Wednesday, October 28, 2009

On The Catholic Church and Sinners In Her Ranks

On occasion I get sent a link of some scandalous action done by some individual within the Church.  Some sister from an out of control order openly states heresy or holds an grossly inappropriate job in the secular world.  The question I get from the (rightly) scandalized person is "Why doesn't the Church do anything?"

I think such a question is a valid one of course.  What I think is invalid is when the scandalized person uses the logical fallacy of affirming the consequent.

The structure of such a fallacy is:

  1. If A then B
  2. B
  3. Therefore A

This can be put into the usual challenge of:

  1. If the Church approves of Sister Mary Heretic, they will not discipline her
  2. They are not disciplining her
  3. Therefore the Church approves of what she does

This is not a logical conclusion however.  It is like saying if Bill lives in Los Angeles he lives in California.  He lives in California.  Therefore he lives in Los Angeles.  Just because one condition is met does not mean all do.

So why does the Church not act in the cases of some public scandals?

There can be some reasons to explain this, and no, not all of them are flattering to the shepherd of the local Church.

First of all, we do need to remember some of the teachings of Jesus:

47 “Again, the kingdom of heaven is like a net which was thrown into the sea and gathered fish of every kind; 48 when it was full, men drew it ashore and sat down and sorted the good into vessels but threw away the bad. 49 So it will be at the close of the age. The angels will come out and separate the evil from the righteous, 50 and throw them into the furnace of fire; there men will weep and gnash their teeth. (Matt 13:47ff)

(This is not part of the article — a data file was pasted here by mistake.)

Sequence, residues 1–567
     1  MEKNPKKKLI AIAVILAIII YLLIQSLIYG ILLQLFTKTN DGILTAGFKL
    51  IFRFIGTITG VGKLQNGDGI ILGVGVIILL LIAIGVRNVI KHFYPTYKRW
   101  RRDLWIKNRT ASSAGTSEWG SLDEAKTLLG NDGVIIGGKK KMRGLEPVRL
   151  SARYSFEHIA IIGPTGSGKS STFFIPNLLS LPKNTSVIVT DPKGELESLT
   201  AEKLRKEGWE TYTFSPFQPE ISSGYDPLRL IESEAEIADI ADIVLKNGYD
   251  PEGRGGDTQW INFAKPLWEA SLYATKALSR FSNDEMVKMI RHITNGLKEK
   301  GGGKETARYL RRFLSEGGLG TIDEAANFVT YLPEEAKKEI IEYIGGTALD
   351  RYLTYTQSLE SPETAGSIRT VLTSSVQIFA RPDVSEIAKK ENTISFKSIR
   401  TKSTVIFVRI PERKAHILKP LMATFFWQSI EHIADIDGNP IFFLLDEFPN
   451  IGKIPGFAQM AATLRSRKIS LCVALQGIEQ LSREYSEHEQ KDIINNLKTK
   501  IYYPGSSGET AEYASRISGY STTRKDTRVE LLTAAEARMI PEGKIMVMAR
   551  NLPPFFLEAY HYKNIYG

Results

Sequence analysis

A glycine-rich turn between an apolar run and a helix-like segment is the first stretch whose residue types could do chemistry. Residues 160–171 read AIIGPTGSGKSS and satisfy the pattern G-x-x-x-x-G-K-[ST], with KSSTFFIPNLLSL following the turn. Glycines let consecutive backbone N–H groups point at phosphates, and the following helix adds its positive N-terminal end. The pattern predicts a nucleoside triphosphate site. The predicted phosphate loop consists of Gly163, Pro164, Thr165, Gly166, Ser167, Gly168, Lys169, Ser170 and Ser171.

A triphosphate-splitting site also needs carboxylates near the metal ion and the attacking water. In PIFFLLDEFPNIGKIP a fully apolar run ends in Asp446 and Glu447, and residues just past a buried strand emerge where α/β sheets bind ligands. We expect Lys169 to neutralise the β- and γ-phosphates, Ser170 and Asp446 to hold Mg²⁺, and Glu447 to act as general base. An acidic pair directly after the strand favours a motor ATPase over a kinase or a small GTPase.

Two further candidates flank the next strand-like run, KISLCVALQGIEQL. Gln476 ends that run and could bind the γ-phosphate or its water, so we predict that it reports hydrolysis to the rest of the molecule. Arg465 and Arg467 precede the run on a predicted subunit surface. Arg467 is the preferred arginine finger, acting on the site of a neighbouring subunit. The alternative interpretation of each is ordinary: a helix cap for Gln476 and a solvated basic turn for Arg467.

Also from Matt. 13:24-30

24 Another parable he put before them, saying, “The kingdom of heaven may be compared to a man who sowed good seed in his field; 25 but while men were sleeping, his enemy came and sowed weeds among the wheat, and went away. 26 So when the plants came up and bore grain, then the weeds appeared also. 27 And the servants of the householder came and said to him, ‘Sir, did you not sow good seed in your field? How then has it weeds?’ 28 He said to them, ‘An enemy has done this.’ The servants said to him, ‘Then do you want us to go and gather them?’ 29 But he said, ‘No; lest in gathering the weeds you root up the wheat along with them. 30 Let both grow together until the harvest; and at harvest time I will tell the reapers, Gather the weeds first and bind them in bundles to be burned, but gather the wheat into my barn.’”

We have in these parables, Jesus speaking of His Church.  There are good and bad fish in them, wheat and weeds.  Quite frankly we cannot expect to have a Church which is free of bad men, because Our Lord told us to expect it.

Ultimately we need to realize that those who do live in a way contrary to Christ will have to answer for it.

We also need to remember that not all bad actions are from malice.  One can delay from over cautiousness for example, or one misunderstanding the situation, or using bad judgment.  Or one can simply be a bad administrator, or deceived by underlings.  These are not things we want to see in a priest or a bishop of course, but these things do indeed happen, and these are things where wrong actions can be done without malice or intending to condone the wrongdoing.